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"Farewell, fair Armida, my joy and my grief, "In vain I have lov'd you, and hope no relief; "Undone by your virtue, too strict and severe, "Your eyes gave me love, and you gave me despair: "Now call'd by my honour, I seek with content "The fate which in pity you would not prevent: "To languish in love, were to find by delay "A death that's more welcome the speediest way.

"On seas and in battles, in bullets and fire, "The danger is less than in hopeless desire ;

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My death's wound you give, though far off I bear My fall from your sight,-not to cost you a tear: "But if the kind flood on a wave should convey "And under your window my body should lay, "The wound on my breast when you happen to see, You'll say with a sigh—it was given by me.”

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In conversing with the late Mr. Boswell on the merit of THE REHEARSAL, Dr. Johnson observed, with his usual pointed energy, that "it had not salt enough to keep itself sweet;-it had not vitality enough to preserve it from putrefaction." Dryden, however, (as I learn from the testimony of one who was personally acquainted with him,) allowed that "it had a great many good things in it, though so severe (he added) against myself; but I can't help saying, that Smith and Johnson are two of the coolest and most insignificant fellows I ever met with on the stage.”—He made no reply, for which he has assigned the following

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Spence, from the information of Dr. Lockier, of whom some account will be given hereafter.

reasons in the Dedication of Juvenal: "I answered not THE REHEARSAL, because I knew the author sat to himself when he drew the picture, and was the very Bayes of his own farce: because also I knew that my betters were more concerned than I was in that satire: and lastly, because Mr. Smith and Mr. Johnson, the main pillars of it, were two such languishing gentlemen in their conversation, that I could liken them to nothing but to their own relations, those noble characters of men of wit and pleasure about the town."

Whatever might have been the success of THE REHEARSAL, it did not for some years banish rhyme from the stage; several heroick plays having been acted between 1672 and 1677. Gildon, indeed, asserts in one place, that by the force of its satire, with the aid of Lord Mulgrave's ESSAY ON POETRY, in less than a year's time scarce any piece of this kind was endured: but the ESSAY ON POETRY did not appear till ten years afterwards, and therefore could not have had any operation at the time here spoken of; and in another place the same writer expresses his surprise that THE REHEARSAL should be acted to full houses, for three or four days together, and immediately afterwards "those very plays, or others full of all the absurdities exploded in that pleasant criticism, not less thronged." Without doubt, heroick plays kept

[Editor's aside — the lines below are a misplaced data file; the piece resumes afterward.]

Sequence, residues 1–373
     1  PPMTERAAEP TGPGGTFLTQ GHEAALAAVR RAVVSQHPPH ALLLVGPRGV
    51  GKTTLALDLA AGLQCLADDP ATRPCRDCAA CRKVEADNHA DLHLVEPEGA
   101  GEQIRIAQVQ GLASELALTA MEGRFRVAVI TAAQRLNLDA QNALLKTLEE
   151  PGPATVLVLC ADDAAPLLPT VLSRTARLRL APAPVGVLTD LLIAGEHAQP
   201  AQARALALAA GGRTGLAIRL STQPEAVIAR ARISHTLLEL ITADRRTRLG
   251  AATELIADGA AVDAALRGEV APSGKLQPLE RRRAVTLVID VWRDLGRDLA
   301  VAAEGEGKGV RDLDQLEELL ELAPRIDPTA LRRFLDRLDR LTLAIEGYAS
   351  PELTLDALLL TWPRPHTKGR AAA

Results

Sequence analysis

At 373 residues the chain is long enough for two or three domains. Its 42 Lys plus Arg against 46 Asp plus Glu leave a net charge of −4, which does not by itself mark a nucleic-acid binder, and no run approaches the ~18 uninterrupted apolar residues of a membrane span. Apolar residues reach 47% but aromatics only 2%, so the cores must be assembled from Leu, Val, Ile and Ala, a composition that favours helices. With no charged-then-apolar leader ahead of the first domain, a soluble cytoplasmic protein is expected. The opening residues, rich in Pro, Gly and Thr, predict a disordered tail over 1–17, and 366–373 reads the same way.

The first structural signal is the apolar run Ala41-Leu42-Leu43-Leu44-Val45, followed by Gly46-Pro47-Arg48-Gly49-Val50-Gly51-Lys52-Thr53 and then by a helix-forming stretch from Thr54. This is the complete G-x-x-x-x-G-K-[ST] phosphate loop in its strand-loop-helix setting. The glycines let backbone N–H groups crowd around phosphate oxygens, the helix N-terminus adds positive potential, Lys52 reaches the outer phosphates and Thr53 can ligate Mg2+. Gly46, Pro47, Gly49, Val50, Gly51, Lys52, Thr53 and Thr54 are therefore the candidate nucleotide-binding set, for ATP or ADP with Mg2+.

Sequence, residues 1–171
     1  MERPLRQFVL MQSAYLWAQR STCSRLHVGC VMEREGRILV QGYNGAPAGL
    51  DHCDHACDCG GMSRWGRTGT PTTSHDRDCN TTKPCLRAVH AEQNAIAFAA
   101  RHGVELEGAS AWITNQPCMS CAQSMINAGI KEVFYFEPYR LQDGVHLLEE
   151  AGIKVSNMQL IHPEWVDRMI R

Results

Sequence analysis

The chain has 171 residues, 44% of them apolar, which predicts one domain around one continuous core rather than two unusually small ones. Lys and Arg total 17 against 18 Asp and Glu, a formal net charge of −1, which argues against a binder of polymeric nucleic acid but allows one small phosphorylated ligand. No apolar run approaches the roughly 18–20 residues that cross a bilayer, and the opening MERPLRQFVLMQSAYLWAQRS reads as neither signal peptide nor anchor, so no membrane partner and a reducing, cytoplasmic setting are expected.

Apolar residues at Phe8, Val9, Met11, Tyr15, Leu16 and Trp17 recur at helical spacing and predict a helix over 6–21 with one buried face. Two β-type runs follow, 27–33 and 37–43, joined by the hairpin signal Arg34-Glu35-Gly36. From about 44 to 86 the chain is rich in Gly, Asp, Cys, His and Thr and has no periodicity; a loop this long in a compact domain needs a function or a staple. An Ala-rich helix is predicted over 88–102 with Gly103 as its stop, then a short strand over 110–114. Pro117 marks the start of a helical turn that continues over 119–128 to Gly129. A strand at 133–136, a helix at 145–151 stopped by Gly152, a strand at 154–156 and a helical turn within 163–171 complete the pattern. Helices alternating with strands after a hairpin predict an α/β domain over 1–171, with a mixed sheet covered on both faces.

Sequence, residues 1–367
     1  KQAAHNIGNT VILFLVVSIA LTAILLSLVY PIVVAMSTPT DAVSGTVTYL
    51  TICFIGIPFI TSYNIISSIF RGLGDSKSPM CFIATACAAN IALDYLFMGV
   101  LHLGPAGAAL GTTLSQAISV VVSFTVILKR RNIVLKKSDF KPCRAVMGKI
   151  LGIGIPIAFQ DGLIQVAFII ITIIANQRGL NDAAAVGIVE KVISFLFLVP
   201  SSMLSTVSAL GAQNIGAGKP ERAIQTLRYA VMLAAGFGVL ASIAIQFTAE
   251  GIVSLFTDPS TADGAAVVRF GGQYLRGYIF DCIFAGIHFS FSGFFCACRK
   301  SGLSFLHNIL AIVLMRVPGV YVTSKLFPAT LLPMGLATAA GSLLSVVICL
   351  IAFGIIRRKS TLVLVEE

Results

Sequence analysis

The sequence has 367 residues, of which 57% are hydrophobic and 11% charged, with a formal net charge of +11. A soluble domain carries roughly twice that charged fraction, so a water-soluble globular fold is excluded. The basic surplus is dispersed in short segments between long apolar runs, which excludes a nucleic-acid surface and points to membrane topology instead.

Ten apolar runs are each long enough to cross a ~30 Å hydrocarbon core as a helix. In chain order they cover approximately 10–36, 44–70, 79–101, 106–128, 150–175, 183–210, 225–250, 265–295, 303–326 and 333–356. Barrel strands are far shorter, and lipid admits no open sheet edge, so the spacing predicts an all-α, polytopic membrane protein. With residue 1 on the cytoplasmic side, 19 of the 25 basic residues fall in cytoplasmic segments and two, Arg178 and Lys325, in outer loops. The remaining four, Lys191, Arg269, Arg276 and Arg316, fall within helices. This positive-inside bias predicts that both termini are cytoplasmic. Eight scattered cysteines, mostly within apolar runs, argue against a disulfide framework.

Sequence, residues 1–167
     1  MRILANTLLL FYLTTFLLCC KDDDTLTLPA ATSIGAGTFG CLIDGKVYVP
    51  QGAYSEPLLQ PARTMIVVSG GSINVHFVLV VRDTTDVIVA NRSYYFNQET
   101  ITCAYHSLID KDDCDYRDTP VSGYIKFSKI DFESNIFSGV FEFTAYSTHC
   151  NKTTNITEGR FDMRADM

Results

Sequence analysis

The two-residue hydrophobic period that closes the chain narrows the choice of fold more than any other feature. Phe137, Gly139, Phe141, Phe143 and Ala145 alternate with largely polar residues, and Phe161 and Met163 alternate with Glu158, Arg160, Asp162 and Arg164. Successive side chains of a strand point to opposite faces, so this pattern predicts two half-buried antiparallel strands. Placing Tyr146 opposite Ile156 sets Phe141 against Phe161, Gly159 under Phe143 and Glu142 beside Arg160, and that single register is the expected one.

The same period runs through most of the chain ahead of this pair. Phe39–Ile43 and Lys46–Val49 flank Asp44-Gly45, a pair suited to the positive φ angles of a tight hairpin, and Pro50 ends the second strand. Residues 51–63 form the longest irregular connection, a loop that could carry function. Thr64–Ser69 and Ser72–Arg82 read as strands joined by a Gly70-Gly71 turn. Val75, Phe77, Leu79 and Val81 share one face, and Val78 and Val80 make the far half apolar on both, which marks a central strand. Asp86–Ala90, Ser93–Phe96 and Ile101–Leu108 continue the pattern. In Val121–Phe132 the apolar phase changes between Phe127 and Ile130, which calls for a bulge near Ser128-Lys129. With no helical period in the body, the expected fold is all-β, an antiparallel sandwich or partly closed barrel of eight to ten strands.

7 LAWS OF POETRY, p. 55, 8vo. 1721.

8 COMPLETE ART OF POETRY, vol. i. p. 203, 12mo. 1718.

their ground for some time.

Gildon, who was

but six years old when this farce first appeared, could tell nothing of its effect from his own knowledge. At a subsequent period, on the revival of many of the pieces condemned by THE REHEARSAL, to which his testimony principally applies, he says in one of his Essays, that they were received with applause; but in another, he adds, that their success arose from their extravagance, for he had always observed, they had the effect of comedy on the audience." This observation, however, which was made in 1698, seems to refer more particularly to an exhibition in that year, when one of the players, to retaliate on our author for a prologue with which he was offended, in performing Almanzor, probably endeavoured to excite laughter by making the part ridiculous.